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speedily come to be your Judge.-You who profess the gospel, be advised and persuaded to examine yourselves whether ye be in the faith: look well to it that your evidences of conversion are clear and decisive; for that day, of which we speak, will detect multitudes of self-deceivers, as well as unmask many artful hypocrites. And if you are conscious of following the Lord with an upright heart; take heed that you do not slacken your diligence, or yield to unwatchfulness: "Let
your loins be girded and your lights burning; 66 and ye yourselves like unto men that wait for "their Lord:" for blessed are those servants whom "the Lord when he cometh shall find watching; "verily I say unto you, that he shall gird himself, "and make them to sit down to meat, and will come "forth and serve them'." Therefore, my be"loved brethren, be ye stedfast and unmoveable, always abounding in the work of the Lord: for "as much as ye know that your labour is not in "vain in the Lord."
I Luke, xii. 35-38.
ROMANS, ii. 6—9.
Who will render to every man according to his deeds: to them who, by patient continuance in well-doing, seek for glory, and honour, and immortality; eternal life: but unto them that are contentious, and do not obey the truth, but obey unrighteousness; indignation and wrath; tribulation and anguish, upon every soul of man that doeth evil.
In meditating on the solemnities, discoveries,
and consequences of that great decisive day, when the Lord shall come to be our Judge; we were obliged to pass over in a general manner, several important particulars relative to the subject and especially we reserved for a separate discourse, the consideration of the manner, in which all men will be judged according to their works, and receive according to what they have done, whether it be good or evil. The present will therefore be an appendix to the preceding discourse, as intended to illustrate its interesting truths, and to render
them more perspicuous and impressive. In the passage before us, the apostle does not undertake to decide a controverted point of doctrine, to state the method of a sinner's justification, or to account for that difference of character which actually subsists among the descendants of fallen Adam. These subjects he has fully discussed in other parts of his writings: but here he takes occasion from his subject to shew, that the opposite conduct of the righteous and the wicked will terminate in future happiness or misery. He considers some persons more favoured by providence than others, as the Jews had every way the advantage of the gentiles but he intimates that they generally abused those advantages to their deeper condemnation : Despisest thou the riches of his goodness, and forbearance, and long suffering, not knowing "that the goodness of God leadeth thee to repentance?" The more kind, patient, and merciful the Lord is, the baser our rebellion and ingratitude must appear, the greater cause have we to repent, and the more abundant motives and encouragements. But if men presume on his lenity, supposing that he will not or cannot punish, and so encourage themselves in sin, they "despise the "riches of his goodness and mercy;" and "after their hardness and impenitent heart, trea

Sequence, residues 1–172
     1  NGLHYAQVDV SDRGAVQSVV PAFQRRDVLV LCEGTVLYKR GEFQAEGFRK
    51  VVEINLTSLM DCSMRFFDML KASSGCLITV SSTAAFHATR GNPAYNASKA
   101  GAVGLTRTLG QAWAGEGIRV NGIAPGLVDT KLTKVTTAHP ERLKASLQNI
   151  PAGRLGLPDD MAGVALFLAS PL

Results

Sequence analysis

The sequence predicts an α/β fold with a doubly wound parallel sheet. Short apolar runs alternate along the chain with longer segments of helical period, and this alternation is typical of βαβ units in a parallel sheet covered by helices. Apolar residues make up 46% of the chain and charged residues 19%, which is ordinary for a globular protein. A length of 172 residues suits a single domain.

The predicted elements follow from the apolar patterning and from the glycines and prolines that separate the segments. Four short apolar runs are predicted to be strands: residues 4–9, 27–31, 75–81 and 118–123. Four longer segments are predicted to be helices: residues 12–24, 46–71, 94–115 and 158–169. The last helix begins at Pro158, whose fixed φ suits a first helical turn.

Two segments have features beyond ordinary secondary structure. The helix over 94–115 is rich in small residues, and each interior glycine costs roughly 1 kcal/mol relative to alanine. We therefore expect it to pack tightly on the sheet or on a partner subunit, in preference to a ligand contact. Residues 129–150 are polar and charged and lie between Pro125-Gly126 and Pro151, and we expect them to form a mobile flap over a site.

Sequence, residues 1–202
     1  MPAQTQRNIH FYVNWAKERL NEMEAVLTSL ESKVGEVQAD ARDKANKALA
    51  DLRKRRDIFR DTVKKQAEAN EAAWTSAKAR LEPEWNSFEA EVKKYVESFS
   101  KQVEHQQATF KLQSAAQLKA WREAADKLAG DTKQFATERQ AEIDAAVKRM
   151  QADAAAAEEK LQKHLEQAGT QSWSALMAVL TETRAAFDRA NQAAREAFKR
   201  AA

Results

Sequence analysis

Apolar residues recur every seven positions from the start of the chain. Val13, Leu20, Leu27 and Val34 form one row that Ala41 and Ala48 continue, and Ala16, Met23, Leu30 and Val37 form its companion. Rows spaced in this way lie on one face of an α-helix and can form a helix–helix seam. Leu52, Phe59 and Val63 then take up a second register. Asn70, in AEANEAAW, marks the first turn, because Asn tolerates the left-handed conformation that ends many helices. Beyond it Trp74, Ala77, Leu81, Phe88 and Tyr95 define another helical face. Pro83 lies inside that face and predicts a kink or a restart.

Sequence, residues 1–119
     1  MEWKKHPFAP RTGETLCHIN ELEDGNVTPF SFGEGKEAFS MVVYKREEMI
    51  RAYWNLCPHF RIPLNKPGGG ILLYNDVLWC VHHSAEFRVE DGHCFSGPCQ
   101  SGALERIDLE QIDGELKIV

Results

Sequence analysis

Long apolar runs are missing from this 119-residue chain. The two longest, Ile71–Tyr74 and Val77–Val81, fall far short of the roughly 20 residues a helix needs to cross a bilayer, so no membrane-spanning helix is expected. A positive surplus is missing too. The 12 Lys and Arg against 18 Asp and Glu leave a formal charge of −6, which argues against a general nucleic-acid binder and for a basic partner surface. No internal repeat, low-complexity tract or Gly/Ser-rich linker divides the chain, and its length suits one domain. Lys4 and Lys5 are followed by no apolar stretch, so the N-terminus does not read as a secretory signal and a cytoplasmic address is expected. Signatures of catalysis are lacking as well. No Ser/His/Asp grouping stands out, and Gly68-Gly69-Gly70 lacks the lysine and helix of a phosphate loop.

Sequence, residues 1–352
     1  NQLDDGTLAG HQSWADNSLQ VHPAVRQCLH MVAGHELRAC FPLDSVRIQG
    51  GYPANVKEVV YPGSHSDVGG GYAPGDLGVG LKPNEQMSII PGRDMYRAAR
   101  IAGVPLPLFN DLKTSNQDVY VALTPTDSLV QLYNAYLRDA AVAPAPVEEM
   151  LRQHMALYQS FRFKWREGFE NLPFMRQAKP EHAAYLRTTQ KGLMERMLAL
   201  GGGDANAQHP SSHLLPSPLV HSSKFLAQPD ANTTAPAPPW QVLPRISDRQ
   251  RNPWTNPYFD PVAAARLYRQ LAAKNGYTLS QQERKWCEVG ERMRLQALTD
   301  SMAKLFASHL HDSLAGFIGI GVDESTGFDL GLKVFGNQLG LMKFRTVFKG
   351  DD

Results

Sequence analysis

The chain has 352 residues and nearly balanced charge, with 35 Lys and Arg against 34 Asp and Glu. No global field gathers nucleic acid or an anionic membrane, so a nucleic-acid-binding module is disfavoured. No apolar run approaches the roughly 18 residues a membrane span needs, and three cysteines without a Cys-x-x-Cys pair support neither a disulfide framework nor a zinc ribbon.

sure up to themselves wrath, against the day of "wrath and revelation of the righteous judgment "of God, who will render to every man according
"to his deeds." The treasures, which they, perhaps covetously and dishonestly, accumulate on earth, must be left to their survivors: but the vast accessions, which they daily make to their load of guilt, and the heavy wrath of God against them, are laid up for themselves, to be their future and eternal portion. For at the great day of righteous retribution, God "will render unto every man according to his deeds: to them who by patient continuance in well-doing seek for glory, "and honour, and immortality, eternal life; but "unto them that are contentious, and do not obey "the truth, but obey unrighteousness; indignation "and wrath, tribulation and anguish, upon every "soul of man that doeth evil."-In discoursing on these words, I shall endeavour,
I. To describe more fully the two characters contrasted by the apostle, and to shew the doom reserved for each.
II. Compare the statement thus made with several other important scriptures, which may serve to elucidate and confirm it.
III. Explain more precisely the rule of judgment, as delivered in the sacred oracles: .and
IV. Make some particular application of the subject.
I. Then I shall endeavour to describe more fully the two characters contrasted by the apostle, and to shew the doom reserved for each.
The apostle's reasoning throughout this whole epistle proves, that he was speaking of sinners under a dispensation of mercy. He therefore considers a man, thus circumstanced, proposing to himself the acquisition of glory, and honour, and immortality. Such a purpose must imply a belief of the scriptural doctrine, concerning the perfections and government of God, the immortality of the soul, and a future state of righteous retribution: with a persuasion that eternal happiness is attainable even by sinners, in the way which the Lord hath revealed. At the same time the man is convinced, that the blessing must be sought with diligence and self-denial, and that it ought to be preferred before all other objects whatever. Thus, while there be many that say, Who will shew us
any good," "-" seeking every man his gain from "his quarter," pursuing worldly pleasures, honours, and distinctions, or wasting their lives in sloth and dissipation; he "seeks first the kingdom "of God and his righteousness," and "labours "for the meat which endureth unto everlasting "life." He is now become a candidate for "glory, and honour, and immortality:" and nothing, inferior to an endless inheritance and unfading joys, can satisfy the vast desires of his